Land Management Practices and Fires in Amazonia: Using Remote Sensing to Assess Fire and Carbon Dynamics in Indigenous and Protected Areas in Mato Grosso, Brazil

Authors: Kaitlin Walker*, University of Alabama in Huntsville, Robert Griffin, University of Alabama in Huntsville, Kelsey Herndon, NASA SERVIR, Africa Flores, NASA SERVIR, Matt Finer, Amazon Conservation, Monitoring of the Andean Amazon Project (MAAP)
Topics: Land Use and Land Cover Change, Remote Sensing, Latin America
Keywords: Protected Areas, Indigenous, Amazonia, fire regimes, biomass burning, carbon emissions, tropical forests, remote sensing, Brazil, land management, deforestation, forest resources, conservation, NASA
Session Type: Virtual Paper
Day: 4/10/2021
Start / End Time: 3:05 PM / 4:20 PM
Room: Virtual 17
Presentation File: No File Uploaded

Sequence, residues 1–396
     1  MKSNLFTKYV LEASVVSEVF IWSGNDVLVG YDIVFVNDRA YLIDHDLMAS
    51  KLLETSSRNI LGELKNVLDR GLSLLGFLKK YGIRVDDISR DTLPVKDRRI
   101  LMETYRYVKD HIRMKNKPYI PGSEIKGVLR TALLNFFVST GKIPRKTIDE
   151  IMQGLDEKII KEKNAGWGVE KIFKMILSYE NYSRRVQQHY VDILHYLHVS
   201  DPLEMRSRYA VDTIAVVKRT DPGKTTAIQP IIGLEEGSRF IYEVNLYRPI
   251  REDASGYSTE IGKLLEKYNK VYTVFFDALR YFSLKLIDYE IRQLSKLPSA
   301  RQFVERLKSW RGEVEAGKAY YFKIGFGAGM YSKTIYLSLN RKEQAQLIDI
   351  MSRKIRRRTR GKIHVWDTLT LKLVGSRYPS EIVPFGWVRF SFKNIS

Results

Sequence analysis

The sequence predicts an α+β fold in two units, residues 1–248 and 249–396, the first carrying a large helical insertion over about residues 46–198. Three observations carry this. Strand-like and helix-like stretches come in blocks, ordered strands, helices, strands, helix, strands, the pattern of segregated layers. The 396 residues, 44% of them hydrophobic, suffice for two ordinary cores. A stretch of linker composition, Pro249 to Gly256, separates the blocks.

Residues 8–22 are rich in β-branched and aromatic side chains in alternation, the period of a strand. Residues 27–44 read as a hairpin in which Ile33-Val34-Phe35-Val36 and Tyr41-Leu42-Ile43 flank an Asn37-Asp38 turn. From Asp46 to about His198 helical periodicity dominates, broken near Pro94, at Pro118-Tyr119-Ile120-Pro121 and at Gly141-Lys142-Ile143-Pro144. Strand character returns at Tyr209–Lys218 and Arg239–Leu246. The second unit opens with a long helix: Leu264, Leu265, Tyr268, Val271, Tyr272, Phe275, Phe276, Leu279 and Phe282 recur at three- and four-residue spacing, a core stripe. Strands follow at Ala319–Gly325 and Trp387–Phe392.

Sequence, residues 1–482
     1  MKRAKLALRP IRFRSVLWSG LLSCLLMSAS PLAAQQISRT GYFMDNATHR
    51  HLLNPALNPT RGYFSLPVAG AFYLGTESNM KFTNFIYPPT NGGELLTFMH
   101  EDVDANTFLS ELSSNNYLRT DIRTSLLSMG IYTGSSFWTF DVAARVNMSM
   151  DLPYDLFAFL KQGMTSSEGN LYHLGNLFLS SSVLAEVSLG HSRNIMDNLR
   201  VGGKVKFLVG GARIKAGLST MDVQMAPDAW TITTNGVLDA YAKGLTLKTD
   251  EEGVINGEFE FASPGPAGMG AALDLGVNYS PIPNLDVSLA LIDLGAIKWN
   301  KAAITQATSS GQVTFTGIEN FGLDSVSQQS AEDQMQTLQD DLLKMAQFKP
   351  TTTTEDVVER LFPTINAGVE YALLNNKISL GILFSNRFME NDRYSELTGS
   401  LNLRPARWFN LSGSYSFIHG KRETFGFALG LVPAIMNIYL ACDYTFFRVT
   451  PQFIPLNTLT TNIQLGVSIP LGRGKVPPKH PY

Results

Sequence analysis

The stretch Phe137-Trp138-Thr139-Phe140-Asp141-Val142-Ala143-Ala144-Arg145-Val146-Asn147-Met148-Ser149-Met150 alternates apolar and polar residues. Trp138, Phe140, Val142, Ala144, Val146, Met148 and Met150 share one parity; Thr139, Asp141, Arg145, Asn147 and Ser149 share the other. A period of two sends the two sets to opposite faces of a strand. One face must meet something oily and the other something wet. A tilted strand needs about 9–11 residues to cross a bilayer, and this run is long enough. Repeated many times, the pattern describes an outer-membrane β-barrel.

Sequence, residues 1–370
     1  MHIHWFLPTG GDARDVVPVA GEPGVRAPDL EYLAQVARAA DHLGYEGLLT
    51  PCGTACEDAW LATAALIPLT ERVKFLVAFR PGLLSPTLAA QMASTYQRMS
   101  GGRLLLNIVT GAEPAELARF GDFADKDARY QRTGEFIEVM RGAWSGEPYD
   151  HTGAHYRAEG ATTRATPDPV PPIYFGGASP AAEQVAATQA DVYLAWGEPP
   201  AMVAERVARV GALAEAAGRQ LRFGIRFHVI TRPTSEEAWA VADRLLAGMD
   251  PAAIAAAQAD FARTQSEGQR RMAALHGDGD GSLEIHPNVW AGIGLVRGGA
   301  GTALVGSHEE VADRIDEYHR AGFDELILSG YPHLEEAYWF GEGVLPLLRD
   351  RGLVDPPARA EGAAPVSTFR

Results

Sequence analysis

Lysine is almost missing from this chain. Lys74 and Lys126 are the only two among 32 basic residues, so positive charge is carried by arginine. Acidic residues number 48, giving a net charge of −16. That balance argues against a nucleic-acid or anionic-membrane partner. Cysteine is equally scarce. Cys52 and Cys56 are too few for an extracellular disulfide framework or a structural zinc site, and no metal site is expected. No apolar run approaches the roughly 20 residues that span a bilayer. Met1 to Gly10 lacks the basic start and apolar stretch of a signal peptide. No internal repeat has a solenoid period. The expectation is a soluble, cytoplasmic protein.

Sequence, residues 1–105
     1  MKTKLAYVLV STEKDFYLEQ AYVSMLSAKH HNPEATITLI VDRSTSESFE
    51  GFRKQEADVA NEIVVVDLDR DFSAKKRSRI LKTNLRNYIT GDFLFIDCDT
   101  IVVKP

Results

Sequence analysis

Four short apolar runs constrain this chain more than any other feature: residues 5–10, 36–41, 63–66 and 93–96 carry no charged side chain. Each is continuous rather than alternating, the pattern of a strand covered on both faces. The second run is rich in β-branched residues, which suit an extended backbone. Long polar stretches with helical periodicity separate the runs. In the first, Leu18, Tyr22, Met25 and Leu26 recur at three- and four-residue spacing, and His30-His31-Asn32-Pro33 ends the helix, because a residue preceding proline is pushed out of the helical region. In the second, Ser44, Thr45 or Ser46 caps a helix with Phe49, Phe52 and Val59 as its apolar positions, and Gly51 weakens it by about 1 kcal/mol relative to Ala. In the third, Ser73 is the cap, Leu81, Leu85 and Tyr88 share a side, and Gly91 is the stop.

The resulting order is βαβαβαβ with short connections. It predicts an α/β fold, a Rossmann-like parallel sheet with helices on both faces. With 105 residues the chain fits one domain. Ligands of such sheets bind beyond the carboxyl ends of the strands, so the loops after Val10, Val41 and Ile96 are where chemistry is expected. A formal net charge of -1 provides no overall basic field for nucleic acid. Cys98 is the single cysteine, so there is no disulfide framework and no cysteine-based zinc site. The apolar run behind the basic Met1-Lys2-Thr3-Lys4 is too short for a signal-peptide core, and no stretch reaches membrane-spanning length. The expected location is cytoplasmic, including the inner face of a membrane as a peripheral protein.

Sustainable management of tropical forests plays an essential role in mitigating climate change on a global scale. Previous studies demonstrate a relationship between protected areas, including indigenous territories, and reduced levels of deforestation. This suggests that land management strategies play an important role in the conservation of forest resources and ecosystem services. Fire is an important land management tool for maintaining forest health and clearing land for agriculture, urbanization, and road construction. Appropriate land management strategies can also reduce the impact of fires on the landscape. However, biomass burning due to fire can also contribute to increased carbon emissions. The 2019-2020 fire season in Mato Grosso, Brazil, saw an increase in the number of fires over previous years. Here, we use a combination of imagery from the ESA Sentinel-5 Precursor Aerosol Index, NASA Visible Infrared Imaging Radiometer Suite (VIIRS), and high-frequency Planet imagery within the Monitoring of the Andean Amazon Project’s (MAAP) Amazon Real-Time Fire Monitoring application to detect and characterize fires in Mato Grosso, Brazil. We find that indigenous and protected areas cover 25% of the land area of Mato Grosso within the Amazon watershed and contain approximately 20% of recorded fires, or over 125 major fires, over the 2020 fire season. This study addresses the impact of land management practices on the frequency, distribution, and type of fires in indigenous and protected areas versus all other areas and evaluates their environmental impact on carbon emissions within these different management regimes.

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